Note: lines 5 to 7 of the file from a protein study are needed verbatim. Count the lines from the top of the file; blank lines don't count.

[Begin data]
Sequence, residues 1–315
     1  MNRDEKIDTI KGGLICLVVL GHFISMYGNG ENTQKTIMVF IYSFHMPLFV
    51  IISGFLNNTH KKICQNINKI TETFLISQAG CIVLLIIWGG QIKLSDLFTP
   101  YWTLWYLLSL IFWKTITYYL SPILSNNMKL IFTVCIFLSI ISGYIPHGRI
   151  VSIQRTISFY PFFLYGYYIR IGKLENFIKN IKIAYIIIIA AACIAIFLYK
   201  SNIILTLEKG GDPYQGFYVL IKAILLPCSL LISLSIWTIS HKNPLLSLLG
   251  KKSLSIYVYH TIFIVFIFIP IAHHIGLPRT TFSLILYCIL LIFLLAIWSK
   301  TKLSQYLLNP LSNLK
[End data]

   151  VSIQRTISFY PFFLYGYYIR IGKLENFIKN IKIAYIIIIA AACIAIFLYK
   201  SNIILTLEKG GDPYQGFYVL IKAILLPCSL LISLSIWTIS HKNPLLSLLG
   251  KKSLSIYVYH TIFIVFIFIP IAHHIGLPRT TFSLILYCIL LIFLLAIWSK